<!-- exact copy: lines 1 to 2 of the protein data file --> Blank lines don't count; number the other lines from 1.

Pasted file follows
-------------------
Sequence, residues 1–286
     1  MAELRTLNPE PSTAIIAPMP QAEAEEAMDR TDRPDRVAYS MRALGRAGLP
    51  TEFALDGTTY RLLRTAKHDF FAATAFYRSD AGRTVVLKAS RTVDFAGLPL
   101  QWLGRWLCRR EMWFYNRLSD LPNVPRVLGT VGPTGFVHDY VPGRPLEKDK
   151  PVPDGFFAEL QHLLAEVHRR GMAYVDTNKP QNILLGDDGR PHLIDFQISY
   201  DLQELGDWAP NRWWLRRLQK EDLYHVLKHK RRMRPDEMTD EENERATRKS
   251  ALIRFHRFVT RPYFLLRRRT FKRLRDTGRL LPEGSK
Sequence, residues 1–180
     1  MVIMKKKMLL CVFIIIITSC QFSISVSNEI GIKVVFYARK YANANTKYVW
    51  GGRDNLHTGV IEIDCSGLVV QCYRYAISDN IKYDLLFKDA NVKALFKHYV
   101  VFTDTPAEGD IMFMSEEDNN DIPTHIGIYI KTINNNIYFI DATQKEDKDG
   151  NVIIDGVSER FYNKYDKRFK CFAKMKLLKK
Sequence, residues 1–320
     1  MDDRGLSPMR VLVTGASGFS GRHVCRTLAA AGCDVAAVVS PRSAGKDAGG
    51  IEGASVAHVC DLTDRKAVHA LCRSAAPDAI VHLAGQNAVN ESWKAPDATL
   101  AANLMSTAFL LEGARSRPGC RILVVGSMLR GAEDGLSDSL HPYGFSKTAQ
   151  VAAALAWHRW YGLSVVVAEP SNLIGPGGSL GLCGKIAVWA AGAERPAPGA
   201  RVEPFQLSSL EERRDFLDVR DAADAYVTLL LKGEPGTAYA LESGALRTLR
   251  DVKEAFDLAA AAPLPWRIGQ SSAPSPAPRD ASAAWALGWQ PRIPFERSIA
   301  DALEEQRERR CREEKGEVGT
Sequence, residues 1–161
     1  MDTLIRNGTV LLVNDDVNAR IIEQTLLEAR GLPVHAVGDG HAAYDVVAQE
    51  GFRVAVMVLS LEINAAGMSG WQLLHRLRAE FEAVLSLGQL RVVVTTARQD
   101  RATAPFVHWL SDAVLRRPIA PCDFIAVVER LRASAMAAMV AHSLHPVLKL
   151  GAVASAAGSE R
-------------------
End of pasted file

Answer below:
Sequence, residues 1–286
     1  MAELRTLNPE PSTAIIAPMP QAEAEEAMDR TDRPDRVAYS MRALGRAGLP